Tell us a bit about your background and how long you have been farming?

I’m a first-generation farmer, I’ve been farming since I was 12. My father is a surveyor and used to Do maps of local farmer’s land who he knew through the local Sunday football league. He asked one of the farmers if I and my brother could come and see the lambs being born, my brother didn’t think much about it but I was bitten by the bug straight away. After that, I started helping out after school and on weekends.I went to agricultural college (where I met my wife) and then to Australia for two years to learn more about sheep farming. Now I am 40 and have been farming for myself for over 18 years.

Tell us more about your farm and the activities you do?
It is me and my wife Joanna who work on the farm. We hire some contractors to help during busy periods (such as lambing) and the kids give us a hand during the holidays.
We rent 1500 acres of land and own the 6 acres with our home farm. We farm on Ministry Of Defence land which means we have to work around army training.








Our farm is positioned on ancient grassland on the Salisbury plain which is protected by the MOD, there is no right of way or houses which makes it very peaceful and undisturbed.

How many sheep do you have and what breed types?

It varies but about three to four thousands of different breeds. Being a 1st generation farmer on this land you can’t just stick to one thing. I favour Poll Dorsets as they are quiet sheep and lamb out of season.

What do you enjoy about working with sheep and what is the hardest part?

Working with sheep is very rewarding, I puff out my chest when I see a healthy pair of lambs on a sunny day. But they can be a handful, trying to keep them in… or the army out!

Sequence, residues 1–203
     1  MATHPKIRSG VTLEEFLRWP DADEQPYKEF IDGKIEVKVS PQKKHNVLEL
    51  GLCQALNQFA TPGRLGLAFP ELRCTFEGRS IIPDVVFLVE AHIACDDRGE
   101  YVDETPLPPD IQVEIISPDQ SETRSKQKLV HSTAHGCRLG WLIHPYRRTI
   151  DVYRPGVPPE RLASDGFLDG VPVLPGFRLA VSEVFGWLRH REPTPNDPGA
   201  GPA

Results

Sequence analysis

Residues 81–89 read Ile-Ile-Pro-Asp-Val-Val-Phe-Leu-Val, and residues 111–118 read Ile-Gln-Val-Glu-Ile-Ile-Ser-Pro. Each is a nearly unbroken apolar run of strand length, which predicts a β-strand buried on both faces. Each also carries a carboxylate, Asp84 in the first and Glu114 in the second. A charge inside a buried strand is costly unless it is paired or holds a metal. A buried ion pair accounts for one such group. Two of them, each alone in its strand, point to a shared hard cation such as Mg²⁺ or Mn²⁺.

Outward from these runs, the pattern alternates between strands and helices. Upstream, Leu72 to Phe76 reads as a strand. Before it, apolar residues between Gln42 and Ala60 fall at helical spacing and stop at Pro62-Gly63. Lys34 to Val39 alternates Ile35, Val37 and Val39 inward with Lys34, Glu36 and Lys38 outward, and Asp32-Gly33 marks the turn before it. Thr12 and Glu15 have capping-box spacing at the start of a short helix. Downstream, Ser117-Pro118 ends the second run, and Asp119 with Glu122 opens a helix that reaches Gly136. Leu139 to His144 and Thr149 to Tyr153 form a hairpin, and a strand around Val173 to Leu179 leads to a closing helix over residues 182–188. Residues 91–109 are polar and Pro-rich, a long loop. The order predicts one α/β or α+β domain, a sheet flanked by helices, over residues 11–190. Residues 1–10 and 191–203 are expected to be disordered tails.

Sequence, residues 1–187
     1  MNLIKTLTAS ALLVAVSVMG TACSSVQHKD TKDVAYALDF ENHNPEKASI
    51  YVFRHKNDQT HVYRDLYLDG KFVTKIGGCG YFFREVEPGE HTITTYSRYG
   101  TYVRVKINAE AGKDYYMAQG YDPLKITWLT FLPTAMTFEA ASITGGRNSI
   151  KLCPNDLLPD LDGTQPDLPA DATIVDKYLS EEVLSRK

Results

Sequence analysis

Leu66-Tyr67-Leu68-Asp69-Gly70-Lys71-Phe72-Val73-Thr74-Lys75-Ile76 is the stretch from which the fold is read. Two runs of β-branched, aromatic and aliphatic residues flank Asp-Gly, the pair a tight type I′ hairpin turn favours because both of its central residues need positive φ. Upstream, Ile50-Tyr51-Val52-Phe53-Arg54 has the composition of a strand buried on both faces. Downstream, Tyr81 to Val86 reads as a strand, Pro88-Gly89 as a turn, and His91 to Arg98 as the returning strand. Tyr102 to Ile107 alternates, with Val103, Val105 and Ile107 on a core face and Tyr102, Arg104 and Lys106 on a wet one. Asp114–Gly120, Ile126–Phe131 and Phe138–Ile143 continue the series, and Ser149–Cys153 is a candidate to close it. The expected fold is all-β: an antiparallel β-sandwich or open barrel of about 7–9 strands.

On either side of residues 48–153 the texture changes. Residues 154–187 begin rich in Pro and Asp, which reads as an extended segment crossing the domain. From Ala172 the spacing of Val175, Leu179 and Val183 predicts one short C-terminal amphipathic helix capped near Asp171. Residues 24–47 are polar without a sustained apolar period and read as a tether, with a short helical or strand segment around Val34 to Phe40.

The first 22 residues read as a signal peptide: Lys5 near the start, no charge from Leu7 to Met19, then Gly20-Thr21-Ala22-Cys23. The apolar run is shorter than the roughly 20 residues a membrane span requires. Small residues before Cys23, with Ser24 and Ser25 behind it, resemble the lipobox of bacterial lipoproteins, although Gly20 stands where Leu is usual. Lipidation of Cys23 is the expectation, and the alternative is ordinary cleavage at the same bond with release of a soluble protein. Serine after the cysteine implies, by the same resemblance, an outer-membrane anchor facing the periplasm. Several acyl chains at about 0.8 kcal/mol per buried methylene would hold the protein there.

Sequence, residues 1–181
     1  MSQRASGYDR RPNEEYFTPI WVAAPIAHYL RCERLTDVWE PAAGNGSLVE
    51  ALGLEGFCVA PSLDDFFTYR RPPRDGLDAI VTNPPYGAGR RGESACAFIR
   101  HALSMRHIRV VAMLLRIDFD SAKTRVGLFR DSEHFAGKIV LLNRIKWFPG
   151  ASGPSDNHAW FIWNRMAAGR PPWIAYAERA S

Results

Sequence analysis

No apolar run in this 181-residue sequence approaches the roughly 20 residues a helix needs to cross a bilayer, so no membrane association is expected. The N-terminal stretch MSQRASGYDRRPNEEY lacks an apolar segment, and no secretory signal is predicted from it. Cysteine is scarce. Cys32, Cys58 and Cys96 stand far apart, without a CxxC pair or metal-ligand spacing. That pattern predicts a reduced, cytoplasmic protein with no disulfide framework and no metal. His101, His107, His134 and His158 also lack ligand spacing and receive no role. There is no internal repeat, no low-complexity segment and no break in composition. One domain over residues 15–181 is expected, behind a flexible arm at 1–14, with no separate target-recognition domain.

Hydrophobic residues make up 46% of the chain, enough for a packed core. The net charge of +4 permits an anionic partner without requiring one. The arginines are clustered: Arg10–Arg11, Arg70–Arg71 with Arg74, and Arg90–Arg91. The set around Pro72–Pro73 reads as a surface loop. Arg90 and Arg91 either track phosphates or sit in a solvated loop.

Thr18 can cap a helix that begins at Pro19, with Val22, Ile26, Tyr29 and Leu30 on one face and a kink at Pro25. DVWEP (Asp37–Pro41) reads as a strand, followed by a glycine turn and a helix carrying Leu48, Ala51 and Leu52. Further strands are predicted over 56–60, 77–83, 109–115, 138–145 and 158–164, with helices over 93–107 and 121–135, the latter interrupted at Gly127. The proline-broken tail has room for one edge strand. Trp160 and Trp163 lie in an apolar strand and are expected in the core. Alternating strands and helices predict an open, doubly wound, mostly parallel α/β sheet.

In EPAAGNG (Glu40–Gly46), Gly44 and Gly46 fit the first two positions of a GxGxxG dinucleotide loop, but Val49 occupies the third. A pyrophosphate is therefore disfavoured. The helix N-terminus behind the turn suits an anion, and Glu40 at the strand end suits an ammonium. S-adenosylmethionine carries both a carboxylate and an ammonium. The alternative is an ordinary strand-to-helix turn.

• Years shepherding: 28 years
  • Location: Salisbury
  • Flock size: 4,000

Do you think there has been a change in farming over the past 10 years?

Better products, lorries and trailers are on the marketplace to help with animal wellbeing and an increased awareness of not overusing antibiotics. It is also easier for people like myself, 1st generation farmers, to enter into the business. We don’t have subsidies but we do have reasonable rent on the grounds and opportunities to be educated into the trade.


Close the loop and find out what we made?

The Woolkeepers® initiative has captured both transparency and traceability in a unique wool assurance scheme which traces wool from farm gate to shop front. Our visibility within the supply chain ensures compliance with safety, sustainability and welfare requirements. Each time we process wool, we create a unique identifier which traces the batch back to farm, as well as forward to our customer.

This batch of wool went to House of Hackney.

Founded by Frieda Gormley and Javvy M Royle in 2011, House of Hackney is an award-winning British luxury brand renowned for ripping up the interiors rulebook and dreaming up iconic prints inspired by the world we live in. Proudly certified as a B Corp™, House of Hackney meets the highest verified standards of social and environmental performance, transparency and accountability.